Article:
May 09, 2014

Coyne apologizes for dog headdress

Wayne Coyne Apologizes to Natives, Calls Fallin's Behavior 'Stupid'In an interview with Rolling Stone, Wayne Coyne of psychedelic alt-rock band the Flaming Lips has addressed the controversy over his friend Christina Fallin's cultural insensitivity and the firing of drummer Kliph Scurlock, which Scurlock says resulted from his criticism of Fallin.

Regarding the picture of the dog in a headdress that he posted to Instagram, Coyne initially gives a non-apology apology, saying "I regret that some people took it wrong," and that the dog had the headdress on "for the same reasons that Gwen Stefani or anybody else would wear it, because it's cool-looking." But--credit where credit's due--he followed those less-than-satisfying comments with this:

I understand now that if I'm a spokesperson for any kind of behavior, I shouldn't have done it, and I regret doing it now. I am sorry. I realize now that it goes deeply to the heart of some Native Americans. And I definitely regret it.

Coyne also discussed the performance of Fallin's band, Pink Pony, at the Norman Music Festival. "I thought [Pink Pony] making fun of the protestors seemed stupid," he said. "I thought their attitude was wrong. And I just thought, 'Why don't you just go out there and play your music, tell them you're sorry and play some cool music, and that would be what the festival is about?' And Pink Pony handled it badly. I agree with all that."

The interview otherwised focused on Coyne's issues with Scurlock, with the Flaming Lips' frontman calling his ex-drummer a "hateful pathological liar."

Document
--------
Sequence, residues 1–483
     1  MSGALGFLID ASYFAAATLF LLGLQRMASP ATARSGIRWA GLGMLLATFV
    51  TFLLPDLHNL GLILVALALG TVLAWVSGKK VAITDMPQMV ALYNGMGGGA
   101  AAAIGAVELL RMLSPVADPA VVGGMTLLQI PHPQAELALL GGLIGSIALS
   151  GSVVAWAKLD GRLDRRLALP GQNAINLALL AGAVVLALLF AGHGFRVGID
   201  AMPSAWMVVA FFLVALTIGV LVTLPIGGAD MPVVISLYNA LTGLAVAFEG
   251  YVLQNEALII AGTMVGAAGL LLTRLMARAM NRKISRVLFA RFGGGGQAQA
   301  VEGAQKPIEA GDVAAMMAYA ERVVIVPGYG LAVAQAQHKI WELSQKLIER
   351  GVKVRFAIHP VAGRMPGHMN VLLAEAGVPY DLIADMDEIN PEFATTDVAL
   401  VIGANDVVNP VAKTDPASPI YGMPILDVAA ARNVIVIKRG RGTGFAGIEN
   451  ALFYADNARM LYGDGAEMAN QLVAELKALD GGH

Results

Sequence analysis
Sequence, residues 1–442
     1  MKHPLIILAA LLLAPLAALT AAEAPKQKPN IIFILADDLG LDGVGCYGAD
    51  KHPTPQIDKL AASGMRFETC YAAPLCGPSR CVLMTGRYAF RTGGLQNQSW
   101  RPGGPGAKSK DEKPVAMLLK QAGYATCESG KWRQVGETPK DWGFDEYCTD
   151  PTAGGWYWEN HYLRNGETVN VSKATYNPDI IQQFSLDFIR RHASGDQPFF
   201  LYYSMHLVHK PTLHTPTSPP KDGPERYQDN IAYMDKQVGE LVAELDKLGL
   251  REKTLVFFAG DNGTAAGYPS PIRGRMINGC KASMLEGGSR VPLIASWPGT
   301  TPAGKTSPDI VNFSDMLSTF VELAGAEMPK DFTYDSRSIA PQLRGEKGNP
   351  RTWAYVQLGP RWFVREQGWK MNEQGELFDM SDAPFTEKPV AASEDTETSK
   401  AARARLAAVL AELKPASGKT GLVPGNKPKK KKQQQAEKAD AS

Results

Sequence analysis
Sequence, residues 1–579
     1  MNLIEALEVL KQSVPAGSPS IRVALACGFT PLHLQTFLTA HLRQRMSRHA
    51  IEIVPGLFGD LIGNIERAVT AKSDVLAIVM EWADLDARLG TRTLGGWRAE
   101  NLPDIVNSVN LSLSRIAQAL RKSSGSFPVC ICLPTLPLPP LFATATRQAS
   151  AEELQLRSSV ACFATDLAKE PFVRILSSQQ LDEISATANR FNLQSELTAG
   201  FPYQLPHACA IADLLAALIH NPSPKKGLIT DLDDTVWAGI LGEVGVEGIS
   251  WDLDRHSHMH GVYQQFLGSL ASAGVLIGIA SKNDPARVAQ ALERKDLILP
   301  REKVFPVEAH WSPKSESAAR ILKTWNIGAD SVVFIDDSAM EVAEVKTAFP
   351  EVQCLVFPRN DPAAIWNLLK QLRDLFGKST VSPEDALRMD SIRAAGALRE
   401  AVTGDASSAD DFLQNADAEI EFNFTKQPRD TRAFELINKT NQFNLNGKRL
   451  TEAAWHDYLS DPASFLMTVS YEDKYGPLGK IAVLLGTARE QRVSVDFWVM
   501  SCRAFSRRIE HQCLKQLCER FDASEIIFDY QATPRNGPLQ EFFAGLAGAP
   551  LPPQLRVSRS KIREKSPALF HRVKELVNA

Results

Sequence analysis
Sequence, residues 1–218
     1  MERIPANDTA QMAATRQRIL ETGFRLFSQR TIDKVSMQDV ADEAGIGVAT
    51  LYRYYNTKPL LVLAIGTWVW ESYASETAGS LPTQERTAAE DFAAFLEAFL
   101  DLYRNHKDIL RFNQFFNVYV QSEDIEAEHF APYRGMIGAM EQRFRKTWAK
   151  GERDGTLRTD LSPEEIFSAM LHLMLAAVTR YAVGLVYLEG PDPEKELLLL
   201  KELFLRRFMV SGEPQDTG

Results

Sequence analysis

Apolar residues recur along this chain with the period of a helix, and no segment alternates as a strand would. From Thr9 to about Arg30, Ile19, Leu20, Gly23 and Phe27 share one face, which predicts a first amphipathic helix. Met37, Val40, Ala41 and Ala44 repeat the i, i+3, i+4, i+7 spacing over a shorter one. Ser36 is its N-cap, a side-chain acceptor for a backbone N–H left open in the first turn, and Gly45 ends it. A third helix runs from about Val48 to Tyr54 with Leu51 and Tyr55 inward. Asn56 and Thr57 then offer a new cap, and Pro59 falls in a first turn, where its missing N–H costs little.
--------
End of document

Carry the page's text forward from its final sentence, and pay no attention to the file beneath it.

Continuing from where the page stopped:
Wayne Coyne Apologises For Posting Native American-headdress Photos Online

By WennCoyne, meanwhile, wrote a message of support for Fallin online, posting images of friends and a dog wearing head-dresses.

In a new interview with Rolling Stone, the singer admits he was wrong to poke fun at Native Americans.

He says, "That was never our intention, and I realise now that it goes deeply to the heart of some Native Americans. I definitely regret it.

"I would say that I'm very sorry, to anybody that is following my Instagram or my Twitter, if I offended anybody of any religion, any race, any belief system. I would say you shouldn't follow my tweets; you shouldn't even probably want to be a Flaming Lips fan because we don't really have any agenda. We go about doing things through our imagination. And I would say that if we wrongly stepped on anybody's sacredness, then we're sorry about that. That was never our intention... I shouldn't have done it, and I regret doing it now. I am sorry."
Wayne Coyne Responds to Firing of Drummer Kliph Scurlock

Wayne Coyne Slams Ex-Flaming Lips Drummer as 'Pathological Liar'

Wayne Coyne on Kliph Scurlock's Flaming Lips Exit: "He Knows We Struggled with Him for Years"

Comment:  Finally, someone offers a genuine apology.

For more on Christina Fallin, see Scurlock Explains Flaming Lips Firing and Fallin Defends Headdress, "Sheep" Shawl.

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